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Machine-aided heuristic programming is advocated as a paradigm for incorporating domain knowledge in intelligent task performance programs. In this paradigm, a system interactively assimilates a natural language description of a task, advice on how to perform it, and definitions of the domain concepts. The system translates this input into an internal representation, operationalizes the assimilated knowledge, integrates different pieces of advice, and applies them to performance of the task. Some desiderata for the internal knowledge representation are proposed and a typed applicative LISP-like language is described. Operationalization is defined in terms of transforming well-defined but noneffective expressions into effectively executable ones. A Hearsay-II blackboard-like mechanism for integrating different pieces of advice is described. Several techniques for performing these processes mechanically are presented and applied to the card game Hearts. A system to accept and use Hearts advice is currently being implemented.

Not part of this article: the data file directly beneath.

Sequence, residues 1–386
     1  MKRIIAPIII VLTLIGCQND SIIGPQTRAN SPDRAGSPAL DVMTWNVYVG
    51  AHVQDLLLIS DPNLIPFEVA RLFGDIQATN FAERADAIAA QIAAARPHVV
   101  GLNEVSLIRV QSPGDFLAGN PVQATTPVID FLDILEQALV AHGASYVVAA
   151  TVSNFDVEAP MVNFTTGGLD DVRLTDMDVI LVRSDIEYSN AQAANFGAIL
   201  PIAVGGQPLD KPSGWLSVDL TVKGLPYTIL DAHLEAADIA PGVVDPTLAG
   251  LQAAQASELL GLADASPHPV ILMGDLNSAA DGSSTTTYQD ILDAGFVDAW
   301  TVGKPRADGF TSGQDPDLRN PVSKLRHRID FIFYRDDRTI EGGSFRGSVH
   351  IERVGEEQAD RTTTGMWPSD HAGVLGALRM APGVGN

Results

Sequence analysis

This report is part of the RAND Corporation note series. The note was a product of the RAND Corporation from 1979 to 1993 that reported other outputs of sponsored research for general distribution.

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